Sunday, the pastor Richard Edwards, used the phrase, “What We Choose to See.” I am a visual learner and am attracted to beauty, whether it is the beautiful stained glass window in the sanctuary, a reflection on still water, the glow of a beach sunset or the people beauty of children’s smiles or the lovely emotions that the sight of an elderly couple holding hands evokes.
“What we choose to see” can also mean the not so beautiful of our world, the litter in a river, the dilapidated housing on the outskirts of town, or more importantly the people, the homeless. I also see the child with a scowl, not a smile, the woman with three small children struggling at a bus stop everyday while we drive by casually in our late model car and the disgruntled employee who never seems to change his expression.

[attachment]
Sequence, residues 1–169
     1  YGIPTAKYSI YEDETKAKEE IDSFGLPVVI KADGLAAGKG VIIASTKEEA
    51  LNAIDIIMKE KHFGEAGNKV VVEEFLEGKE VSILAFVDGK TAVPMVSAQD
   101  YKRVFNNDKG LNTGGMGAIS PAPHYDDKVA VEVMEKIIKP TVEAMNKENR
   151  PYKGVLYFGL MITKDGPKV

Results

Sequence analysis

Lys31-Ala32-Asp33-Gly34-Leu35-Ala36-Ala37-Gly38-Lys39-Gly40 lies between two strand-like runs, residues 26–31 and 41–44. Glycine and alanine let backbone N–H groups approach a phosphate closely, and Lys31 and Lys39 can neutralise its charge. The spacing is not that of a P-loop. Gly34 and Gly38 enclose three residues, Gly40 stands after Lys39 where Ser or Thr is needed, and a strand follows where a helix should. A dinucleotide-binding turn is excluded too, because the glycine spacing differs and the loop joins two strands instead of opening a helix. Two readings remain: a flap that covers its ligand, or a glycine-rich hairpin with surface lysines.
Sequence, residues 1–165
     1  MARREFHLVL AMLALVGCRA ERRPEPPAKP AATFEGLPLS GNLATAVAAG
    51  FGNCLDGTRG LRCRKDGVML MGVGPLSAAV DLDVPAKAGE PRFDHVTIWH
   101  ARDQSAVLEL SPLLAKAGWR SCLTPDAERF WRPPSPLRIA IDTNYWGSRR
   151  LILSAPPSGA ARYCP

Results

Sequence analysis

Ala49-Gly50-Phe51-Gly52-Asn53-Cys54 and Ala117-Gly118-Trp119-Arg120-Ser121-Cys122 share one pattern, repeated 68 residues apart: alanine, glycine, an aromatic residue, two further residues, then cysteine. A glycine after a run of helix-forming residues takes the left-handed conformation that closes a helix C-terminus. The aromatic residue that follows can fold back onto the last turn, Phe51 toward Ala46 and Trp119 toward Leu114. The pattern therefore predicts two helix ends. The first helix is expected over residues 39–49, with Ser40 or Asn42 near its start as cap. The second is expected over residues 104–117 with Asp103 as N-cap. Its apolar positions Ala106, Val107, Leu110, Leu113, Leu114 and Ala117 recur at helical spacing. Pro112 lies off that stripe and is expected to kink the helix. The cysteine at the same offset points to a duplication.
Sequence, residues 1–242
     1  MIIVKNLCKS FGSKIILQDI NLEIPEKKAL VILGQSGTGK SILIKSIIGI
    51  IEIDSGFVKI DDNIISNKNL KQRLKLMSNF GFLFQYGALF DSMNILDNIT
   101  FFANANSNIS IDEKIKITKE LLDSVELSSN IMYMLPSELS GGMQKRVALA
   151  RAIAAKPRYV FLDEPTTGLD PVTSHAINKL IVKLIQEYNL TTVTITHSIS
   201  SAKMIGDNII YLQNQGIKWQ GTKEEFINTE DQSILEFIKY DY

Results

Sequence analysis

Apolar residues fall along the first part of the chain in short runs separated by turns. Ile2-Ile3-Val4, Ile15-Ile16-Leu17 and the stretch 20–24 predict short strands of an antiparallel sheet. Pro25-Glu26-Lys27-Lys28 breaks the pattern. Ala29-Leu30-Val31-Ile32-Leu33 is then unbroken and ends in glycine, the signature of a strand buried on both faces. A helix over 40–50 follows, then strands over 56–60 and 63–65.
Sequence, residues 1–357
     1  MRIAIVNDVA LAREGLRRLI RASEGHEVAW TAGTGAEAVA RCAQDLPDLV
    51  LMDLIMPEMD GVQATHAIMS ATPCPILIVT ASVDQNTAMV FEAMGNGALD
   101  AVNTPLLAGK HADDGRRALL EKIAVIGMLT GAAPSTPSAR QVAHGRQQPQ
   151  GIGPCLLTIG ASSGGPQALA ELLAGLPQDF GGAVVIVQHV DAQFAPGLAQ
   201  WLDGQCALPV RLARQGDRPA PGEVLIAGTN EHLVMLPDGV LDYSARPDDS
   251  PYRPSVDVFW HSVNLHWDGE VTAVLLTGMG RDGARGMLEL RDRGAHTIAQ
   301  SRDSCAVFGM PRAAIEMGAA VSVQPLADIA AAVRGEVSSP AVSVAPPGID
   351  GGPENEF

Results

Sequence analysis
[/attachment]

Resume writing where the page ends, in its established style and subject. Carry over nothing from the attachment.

“What we choose to see” also applies to “Visions.” As leaders, we are charged with leading the creation of a vision for our company, school or church. Visions are for the future, what do we choose to see for our future? I am a fan of lofty goals, strategic frameworks leading to success, but I also am a fan of small deeds that change the culture of a place to engage people to make it a welcoming environment.
Perhaps, it is the optimist in me, the gratitude, the seeker of hope, the enjoyment of the visual that is pleasing that guides what I choose to see. Sometimes those of us who are optimists are accused of being naive. But, I believe those of us who have looked squarely in the face of poverty, of tragedy and of change, are not naive, we are choosing to see a future, a vision of what is possible, and we as leaders must be aware of “what we choose to see in our organizations.” I will be naive, if I do not see the problems of my company, school or church, but if I choose only to see the problems and not the possibilities, I will deny the choices open to me. Leaders must remember our organization becomes “What We Choose to See” and what we lead others to see.